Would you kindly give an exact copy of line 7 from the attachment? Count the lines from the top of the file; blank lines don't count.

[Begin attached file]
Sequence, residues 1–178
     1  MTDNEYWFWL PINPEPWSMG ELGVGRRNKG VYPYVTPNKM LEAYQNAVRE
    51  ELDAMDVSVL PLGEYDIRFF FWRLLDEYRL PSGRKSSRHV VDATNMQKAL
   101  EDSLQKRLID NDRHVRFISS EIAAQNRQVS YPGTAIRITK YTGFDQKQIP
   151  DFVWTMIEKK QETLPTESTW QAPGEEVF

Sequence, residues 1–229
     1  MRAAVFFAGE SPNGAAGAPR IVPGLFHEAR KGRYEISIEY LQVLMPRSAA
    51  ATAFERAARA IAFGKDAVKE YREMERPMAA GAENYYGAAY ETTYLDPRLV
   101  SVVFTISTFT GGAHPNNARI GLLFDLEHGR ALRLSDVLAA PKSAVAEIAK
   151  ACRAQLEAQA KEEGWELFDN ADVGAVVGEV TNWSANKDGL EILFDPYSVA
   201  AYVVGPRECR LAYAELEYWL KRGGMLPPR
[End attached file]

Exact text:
     1  MRAAVFFAGE SPNGAAGAPR IVPGLFHEAR KGRYEISIEY LQVLMPRSAA